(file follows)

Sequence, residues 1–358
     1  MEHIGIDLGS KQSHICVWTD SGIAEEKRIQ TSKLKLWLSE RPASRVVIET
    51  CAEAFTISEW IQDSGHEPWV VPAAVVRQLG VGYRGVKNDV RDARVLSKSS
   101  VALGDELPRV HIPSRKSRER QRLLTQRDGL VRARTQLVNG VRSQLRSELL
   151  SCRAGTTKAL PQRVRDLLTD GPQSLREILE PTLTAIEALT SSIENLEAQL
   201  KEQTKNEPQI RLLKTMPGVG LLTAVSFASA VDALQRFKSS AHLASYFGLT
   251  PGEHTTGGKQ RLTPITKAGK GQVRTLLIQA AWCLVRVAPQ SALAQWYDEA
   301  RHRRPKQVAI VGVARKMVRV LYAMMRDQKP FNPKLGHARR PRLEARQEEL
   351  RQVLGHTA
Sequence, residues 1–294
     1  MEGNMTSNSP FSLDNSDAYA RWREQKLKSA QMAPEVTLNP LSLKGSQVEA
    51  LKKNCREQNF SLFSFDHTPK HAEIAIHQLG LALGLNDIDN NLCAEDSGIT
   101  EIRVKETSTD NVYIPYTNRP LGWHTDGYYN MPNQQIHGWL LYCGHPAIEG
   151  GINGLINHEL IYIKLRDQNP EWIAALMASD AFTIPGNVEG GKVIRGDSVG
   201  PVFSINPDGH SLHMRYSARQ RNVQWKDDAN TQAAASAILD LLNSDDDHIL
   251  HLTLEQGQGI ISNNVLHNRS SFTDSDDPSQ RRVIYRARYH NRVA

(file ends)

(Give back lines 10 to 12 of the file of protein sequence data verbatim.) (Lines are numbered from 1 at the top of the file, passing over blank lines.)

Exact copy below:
Sequence, residues 1–294
     1  MEGNMTSNSP FSLDNSDAYA RWREQKLKSA QMAPEVTLNP LSLKGSQVEA
    51  LKKNCREQNF SLFSFDHTPK HAEIAIHQLG LALGLNDIDN NLCAEDSGIT